We believe in being a small part in God's plan to help people! Many people have struggles in life. Serenity Pointe has partnered with Christian non- profit organizations that offer a hand up instead of a hand out
Algood Senior Center
Christian Faith Ministries
Clean Heart Ministries
Cookeville Pregnancy Center
Cookeville Cancer Foundation
Hope House Pikeville
S Double A Ranch
Sequatchie Senior Center
Van Buren Food Bank
Warren Food Bank
Warren Hope Center
White County Senior Center
Life is hard enough by yourself. Serenity Pointe will help you on your journey called ''Life'' with a few skills that will make it easier down the road.Life skills are problem solving behaviors used appropriately and responsibly in the management of personal affairs. They are a set of human skills acquired via teaching or direct experience that are used to handle problems and questions commonly encountered in daily human life. The subject varies greatly depending on societal norms and community expectations.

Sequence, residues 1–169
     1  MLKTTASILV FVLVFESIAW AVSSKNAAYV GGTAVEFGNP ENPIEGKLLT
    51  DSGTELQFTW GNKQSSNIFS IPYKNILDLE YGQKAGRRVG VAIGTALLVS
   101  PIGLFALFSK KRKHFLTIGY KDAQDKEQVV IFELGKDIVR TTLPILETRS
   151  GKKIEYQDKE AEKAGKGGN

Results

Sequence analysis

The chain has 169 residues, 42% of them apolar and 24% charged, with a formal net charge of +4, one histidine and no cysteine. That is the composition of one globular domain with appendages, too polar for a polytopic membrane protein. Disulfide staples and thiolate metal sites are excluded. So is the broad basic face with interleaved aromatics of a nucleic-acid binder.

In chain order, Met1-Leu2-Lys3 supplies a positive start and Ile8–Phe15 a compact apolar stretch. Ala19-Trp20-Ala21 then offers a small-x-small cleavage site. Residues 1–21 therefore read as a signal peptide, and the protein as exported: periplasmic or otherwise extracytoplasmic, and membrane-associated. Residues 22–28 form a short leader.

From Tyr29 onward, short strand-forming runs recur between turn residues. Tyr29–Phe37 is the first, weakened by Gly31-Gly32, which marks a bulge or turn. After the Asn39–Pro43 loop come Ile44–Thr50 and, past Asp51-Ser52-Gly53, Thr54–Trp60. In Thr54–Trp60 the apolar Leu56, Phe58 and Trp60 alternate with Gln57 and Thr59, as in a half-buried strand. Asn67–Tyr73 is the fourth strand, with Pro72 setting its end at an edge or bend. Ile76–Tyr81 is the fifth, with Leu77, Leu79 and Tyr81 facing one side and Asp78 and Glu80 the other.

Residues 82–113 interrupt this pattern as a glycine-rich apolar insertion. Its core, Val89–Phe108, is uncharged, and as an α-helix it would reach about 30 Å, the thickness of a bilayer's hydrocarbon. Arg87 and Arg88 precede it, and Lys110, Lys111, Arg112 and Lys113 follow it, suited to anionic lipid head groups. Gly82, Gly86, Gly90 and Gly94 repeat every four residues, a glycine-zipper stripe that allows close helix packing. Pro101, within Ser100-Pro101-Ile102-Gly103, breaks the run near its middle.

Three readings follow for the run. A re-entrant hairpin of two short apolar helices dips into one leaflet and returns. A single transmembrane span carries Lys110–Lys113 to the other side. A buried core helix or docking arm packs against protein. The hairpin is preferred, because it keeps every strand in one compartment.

If you feel you need assistance with substance abuse, the Hope Center of Warren County, S Double A Ranch of Sequatchie and Clean Heart Ministries of White County can be of assistance.
If you feel you need assistance with Domestic Violence, The Hope Center of Warren County offers Domestice Violence Education and support groups.